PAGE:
Lent Resources

25 Ways to Do Works of Mercy

Corporal Works of Mercy

Learn more about each of the following by visiting the website for the U.S. Conference of Catholic Bishops.

Feed the Hungry

Give Drink to the Thirsty

Shelter the Homeless

Visit the Sick

Visit the Prisoners

Bury the Dead

Give Alms to the Poor

Spiritual Works Of Mercy

Learn more about each of the following by visiting the website for the U.S. Conference of Catholic Bishops.

Counsel the Doubtful

Instruct the Ignorant

Admonish the Sinner

Comfort the Sorrowful

Forgive Injuries

Bear Wrongs Patiently

Pray for the Living and the Dead

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Perform penance through works of mercy

"You and I have begun another Lent, 40 days that Jesus invites us to spend with him in the desert. Throughout the Bible the desert is a place to encounter God and struggle with demon ... It is a place of material deprivation, fasting and hardship. A place to learn how much we depend on God for all those things that St. Basil and Jesus say we should share with the poor: our bread, our clothing, our shoes, our money, our time, our effort, our very life. In the desert we learn that we don’t own any of these things. They all belong to God, on whom we depend for everything and to whom we will one day have to give account regarding the help we give or fail to give the least of our brothers and sisters.  — Bishop Anthony B. Taylor, First Sunday of Lent 2017

Do you know why we are asked to perform acts of penance? Primarily because Jesus is our model and he himself did penance to prepare himself for his ministry. They are also practical in helping us accomplish our goals on certain days and liturgical seasons. Lent in particular is a season to reorder our priorities and penance helps us remember that created things are subordinate to God.

“Penance is a religious, personal act which has as its aim love and surrender to God” (“Paenitemini” chapter 1). Scripture is also clear that the rending of our hearts is the sacrifice the Lord desires. The various acts of penance put into physical reality what should be happening in our hearts. During Lent they work together to prepare us for the passion of our Lord that leads to his resurrection.

According to "Spiritual works of mercy serve body of Christ," denying yourself of normal pleasures through fasting and almsgiving is only a small part of participating in Lent. If the focus ends there, then our connection with one another in the Body of Christ is shallow. As Christians, we are obligated to treat one another with compassion.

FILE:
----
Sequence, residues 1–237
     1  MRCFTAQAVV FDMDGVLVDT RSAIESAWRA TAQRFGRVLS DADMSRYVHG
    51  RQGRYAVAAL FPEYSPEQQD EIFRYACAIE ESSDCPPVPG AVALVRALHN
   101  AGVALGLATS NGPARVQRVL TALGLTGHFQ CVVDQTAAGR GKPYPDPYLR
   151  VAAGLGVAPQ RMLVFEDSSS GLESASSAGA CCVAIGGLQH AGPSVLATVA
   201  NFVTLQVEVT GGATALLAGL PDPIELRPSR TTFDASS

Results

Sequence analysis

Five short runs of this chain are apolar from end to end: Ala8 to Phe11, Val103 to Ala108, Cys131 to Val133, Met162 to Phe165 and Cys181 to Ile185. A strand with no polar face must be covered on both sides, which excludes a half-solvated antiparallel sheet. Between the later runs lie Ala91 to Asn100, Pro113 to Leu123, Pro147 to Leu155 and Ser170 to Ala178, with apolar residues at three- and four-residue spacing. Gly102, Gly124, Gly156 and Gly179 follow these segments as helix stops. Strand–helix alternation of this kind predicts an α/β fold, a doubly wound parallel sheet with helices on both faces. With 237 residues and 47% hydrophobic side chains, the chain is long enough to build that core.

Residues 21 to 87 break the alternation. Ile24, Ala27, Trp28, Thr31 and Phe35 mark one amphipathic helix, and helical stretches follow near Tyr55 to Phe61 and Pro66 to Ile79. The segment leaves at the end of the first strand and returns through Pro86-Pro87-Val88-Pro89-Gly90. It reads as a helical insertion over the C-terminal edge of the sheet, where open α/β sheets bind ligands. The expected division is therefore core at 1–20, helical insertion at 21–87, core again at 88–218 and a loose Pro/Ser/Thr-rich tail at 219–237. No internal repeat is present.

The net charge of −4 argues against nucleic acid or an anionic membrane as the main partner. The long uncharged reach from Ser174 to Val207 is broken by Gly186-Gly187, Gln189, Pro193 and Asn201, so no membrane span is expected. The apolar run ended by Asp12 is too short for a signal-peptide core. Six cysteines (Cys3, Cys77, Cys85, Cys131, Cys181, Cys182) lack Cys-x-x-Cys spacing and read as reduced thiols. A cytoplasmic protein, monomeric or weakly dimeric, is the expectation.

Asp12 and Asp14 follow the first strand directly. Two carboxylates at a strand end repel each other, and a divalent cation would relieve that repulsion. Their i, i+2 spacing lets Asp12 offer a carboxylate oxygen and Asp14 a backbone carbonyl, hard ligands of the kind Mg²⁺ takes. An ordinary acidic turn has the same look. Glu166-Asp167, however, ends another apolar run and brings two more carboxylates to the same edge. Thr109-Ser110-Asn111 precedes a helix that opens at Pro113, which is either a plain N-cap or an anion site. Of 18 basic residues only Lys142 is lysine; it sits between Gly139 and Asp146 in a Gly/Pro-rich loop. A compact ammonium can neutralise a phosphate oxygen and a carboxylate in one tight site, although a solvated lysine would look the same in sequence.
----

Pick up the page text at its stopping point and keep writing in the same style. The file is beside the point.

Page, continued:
Not only must we try to understand how others feel but we must also take action, whenever possible, to help those who cannot help themselves. We call this form of active compassion, mercy. Merciful behaviors are described in the Book of Isaiah, where we are called to release those bound unjustly, setting free the oppressed. We must share our bread with the hungry, shelter the homeless, clothe the naked, and not turn on our own (58:6-7).

Isaiah is describing two kinds of mercy, corporal and spiritual. Corporal works of mercy are actions to help our neighbors who are physically in distress. They are: feed the hungry; give drink to the thirsty; clothe the naked; shelter the homeless; visit the sick; ransom the captive; and bury the dead. Not only do we help others by practicing merciful actions, we also seek God's mercy for ourselves through those actions. Luke wrote that we should produce good fruits as evidence of our repentance (3:8-11), sharing our possessions with those in need to show our desire for God's merciful justice.

This spiritual transformation occurs when we reflect on what our actions mean and how we are open to the Spirit through our actions. The spiritual works of mercy give us that thoughtful dimension. They call us to: instruct the ignorant; counsel the doubtful; admonish sinners; bear wrongs patiently; forgive offenses willingly; comfort the afflicted; and pray for the living and the dead.

There are physical actions attached to the spiritual works, but they also have a self-reflective faith dimension. While helping others, we must see Christ in both the giving and the receiving of mercy, for showing mercy is to receive God's mercy (Matthew 5:7).

We are also told explicitly to forgive others so that we will be forgiven by God for our own offenses (Matthew 6:14-15). And prayer — unceasing prayer — unites us with the entire communion of saints through conversation with God. We pray to God for others and we, ourselves, are transformed by prayer. The virtue in the spiritual works of mercy is that we make a choice to perfect ourselves by practicing these works joyfully and fully so that we might seek salvation together.

This excerpt came from "Spiritual works of mercy serve body of Christ," Arkansas Catholic, Feb. 9, 2008. Reprinted with permission. Copyright Diocese of Little Rock. All rights reserved. This article may be copied or redistributed with acknowledgement and permission of the publisher.


Lent Resources

25 Ways to Do Works of Mercy

Corporal Works of Mercy

Learn more about each of the following by visiting the website for the U.S. Conference of Catholic Bishops.

Feed the Hungry

Give Drink to the Thirsty

Shelter the Homeless

Visit the Sick

Visit the Prisoners

Bury the Dead

Give Alms to the Poor

Spiritual Works Of Mercy

Learn more about each of the following by visiting the website for the U.S. Conference of Catholic Bishops.

Counsel the Doubtful

Instruct the Ignorant

Admonish the Sinner

Comfort the Sorrowful

Forgive Injuries

Bear Wrongs Patiently

Pray for the Living and the Dead